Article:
2021 ICD-10-CM Code S04.72XA

Injury of accessory nerve, left side, initial encounter

Version 2021

Valid for Submission

S04.72XA is a billable diagnosis code used to specify a medical diagnosis of injury of accessory nerve, left side, initial encounter. The code S04.72XA is valid during the fiscal year 2021 from October 01, 2020 through September 30, 2021 for the submission of HIPAA-covered transactions.

The ICD-10-CM code S04.72XA might also be used to specify conditions or terms like injury of accessory nerve, injury of left accessory nerve or left accessory neuropathy.

S04.72XA is an initial encounter code, includes a 7th character and should be used while the patient is receiving active treatment for a condition like injury of accessory nerve left side. According to ICD-10-CM Guidelines an "initial encounter" doesn't necessarily means "initial visit". The 7th character should be used when the patient is undergoing active treatment regardless if new or different providers saw the patient over the course of a treatment. The appropriate 7th character codes should also be used even if the patient delayed seeking treatment for a condition.

ICD-10:S04.72XA
Short Description:Injury of accessory nerve, left side, initial encounter
Long Description:Injury of accessory nerve, left side, initial encounter

Code Classification

Coding Guidelines

The appropriate 7th character is to be added to each code from block Injury of cranial nerve (S04). Use the following options for the aplicable episode of care:

Approximate Synonyms

The following clinical terms are approximate synonyms or lay terms that might be used to identify the correct diagnosis code:

Convert S04.72XA to ICD-9 Code

The General Equivalency Mapping (GEM) crosswalk indicates an approximate mapping between the ICD-10 code S04.72XA its ICD-9 equivalent. The approximate mapping means there is not an exact match between the ICD-10 code and the ICD-9 code and the mapped code is not a precise representation of the original code.

Information for Patients


Neuromuscular Disorders

Neuromuscular disorders affect your neuromuscular system. They can cause problems with

These disorders can cause your muscles to become weak and waste away. You may also have symptoms such as spasms, twitching, and pain.

Examples of neuromuscular disorders include

There can be different causes for these diseases. Many of them are genetic.This means they are inherited (run in families) or are caused by a new mutation in your genes. Some neuromuscular disorders are autoimmune diseases. Sometimes the cause is not known.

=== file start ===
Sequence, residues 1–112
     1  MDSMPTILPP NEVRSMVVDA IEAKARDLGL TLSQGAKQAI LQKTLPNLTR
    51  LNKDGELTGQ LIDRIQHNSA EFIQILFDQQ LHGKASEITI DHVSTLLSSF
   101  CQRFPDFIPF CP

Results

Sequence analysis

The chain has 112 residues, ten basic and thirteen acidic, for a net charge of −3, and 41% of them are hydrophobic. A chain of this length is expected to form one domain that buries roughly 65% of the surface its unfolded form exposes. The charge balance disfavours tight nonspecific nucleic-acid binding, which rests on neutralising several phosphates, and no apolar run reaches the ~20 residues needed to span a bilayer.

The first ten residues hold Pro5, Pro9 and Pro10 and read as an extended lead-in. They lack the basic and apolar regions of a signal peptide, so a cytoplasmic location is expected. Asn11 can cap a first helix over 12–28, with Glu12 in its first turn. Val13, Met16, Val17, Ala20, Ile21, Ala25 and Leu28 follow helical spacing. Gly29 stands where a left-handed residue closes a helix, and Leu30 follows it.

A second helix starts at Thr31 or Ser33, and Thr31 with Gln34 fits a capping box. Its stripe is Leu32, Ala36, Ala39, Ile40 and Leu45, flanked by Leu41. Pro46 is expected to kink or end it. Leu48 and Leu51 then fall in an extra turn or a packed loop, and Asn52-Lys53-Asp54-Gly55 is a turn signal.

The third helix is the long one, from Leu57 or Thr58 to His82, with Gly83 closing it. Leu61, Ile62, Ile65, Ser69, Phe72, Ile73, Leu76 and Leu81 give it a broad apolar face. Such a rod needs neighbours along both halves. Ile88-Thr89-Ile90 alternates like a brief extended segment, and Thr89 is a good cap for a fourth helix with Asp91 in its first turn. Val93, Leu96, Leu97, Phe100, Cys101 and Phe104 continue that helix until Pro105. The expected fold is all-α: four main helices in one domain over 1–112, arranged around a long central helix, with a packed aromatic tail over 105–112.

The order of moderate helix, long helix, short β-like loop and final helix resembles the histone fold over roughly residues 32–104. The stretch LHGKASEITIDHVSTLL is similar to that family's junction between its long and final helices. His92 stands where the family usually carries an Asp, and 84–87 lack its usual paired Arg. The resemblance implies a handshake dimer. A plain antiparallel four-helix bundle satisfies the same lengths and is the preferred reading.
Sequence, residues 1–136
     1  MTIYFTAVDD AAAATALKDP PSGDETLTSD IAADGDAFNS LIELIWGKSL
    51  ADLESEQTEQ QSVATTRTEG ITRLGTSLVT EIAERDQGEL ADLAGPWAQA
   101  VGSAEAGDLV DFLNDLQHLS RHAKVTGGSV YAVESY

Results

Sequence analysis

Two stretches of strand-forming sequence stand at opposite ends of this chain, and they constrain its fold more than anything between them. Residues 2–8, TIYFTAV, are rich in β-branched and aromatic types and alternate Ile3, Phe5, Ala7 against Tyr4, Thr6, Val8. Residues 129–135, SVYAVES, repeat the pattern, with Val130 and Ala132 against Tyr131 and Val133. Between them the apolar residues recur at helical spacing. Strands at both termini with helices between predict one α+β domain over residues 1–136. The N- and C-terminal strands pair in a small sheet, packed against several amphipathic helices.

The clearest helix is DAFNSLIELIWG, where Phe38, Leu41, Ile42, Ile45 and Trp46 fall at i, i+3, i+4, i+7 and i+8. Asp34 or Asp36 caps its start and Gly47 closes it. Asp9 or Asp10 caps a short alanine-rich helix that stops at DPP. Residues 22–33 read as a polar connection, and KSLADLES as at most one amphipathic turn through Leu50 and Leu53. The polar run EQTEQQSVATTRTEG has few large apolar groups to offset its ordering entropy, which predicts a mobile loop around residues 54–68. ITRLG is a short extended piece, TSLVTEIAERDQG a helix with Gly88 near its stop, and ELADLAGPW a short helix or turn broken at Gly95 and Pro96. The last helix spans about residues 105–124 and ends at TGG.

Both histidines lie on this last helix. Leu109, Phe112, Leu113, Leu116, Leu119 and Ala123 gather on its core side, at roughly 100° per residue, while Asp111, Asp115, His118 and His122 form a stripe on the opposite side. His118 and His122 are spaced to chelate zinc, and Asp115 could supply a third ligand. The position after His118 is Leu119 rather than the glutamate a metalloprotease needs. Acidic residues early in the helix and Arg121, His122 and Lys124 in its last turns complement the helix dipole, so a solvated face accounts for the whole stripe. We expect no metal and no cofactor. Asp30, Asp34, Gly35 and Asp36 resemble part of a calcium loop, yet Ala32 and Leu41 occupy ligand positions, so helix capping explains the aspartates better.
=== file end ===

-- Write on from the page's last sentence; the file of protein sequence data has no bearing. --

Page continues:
Many neuromuscular diseases have no cure. But treatments may improve symptoms, increase mobility, and lengthen life.


[Learn More in MedlinePlus]

Peripheral Nerve Disorders

Also called: Neuritis, Peripheral neuritis, Peripheral neuropathy

Your peripheral nerves are the ones outside your brain and spinal cord. Like static on a telephone line, peripheral nerve disorders distort or interrupt the messages between the brain and the rest of the body.

There are more than 100 kinds of peripheral nerve disorders. They can affect one nerve or many nerves. Some are the result of other diseases, like diabetic nerve problems. Others, like Guillain-Barre syndrome, happen after a virus infection. Still others are from nerve compression, like carpal tunnel syndrome or thoracic outlet syndrome. In some cases, like complex regional pain syndrome and brachial plexus injuries, the problem begins after an injury. Some people are born with peripheral nerve disorders.

Symptoms often start gradually, and then get worse. They include

Treatment aims to treat any underlying problem, reduce pain and control symptoms.

NIH: National Institute of Neurological Disorders and Stroke


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Code History

  • FY 2021 - No Change, effective from 10/1/2020 through 9/30/2021
  • FY 2020 - No Change, effective from 10/1/2019 through 9/30/2020
  • FY 2019 - No Change, effective from 10/1/2018 through 9/30/2019
  • FY 2018 - No Change, effective from 10/1/2017 through 9/30/2018
  • FY 2017 - No Change, effective from 10/1/2016 through 9/30/2017
  • FY 2016 - New Code, effective from 10/1/2015 through 9/30/2016 (First year ICD-10-CM implemented into the HIPAA code set)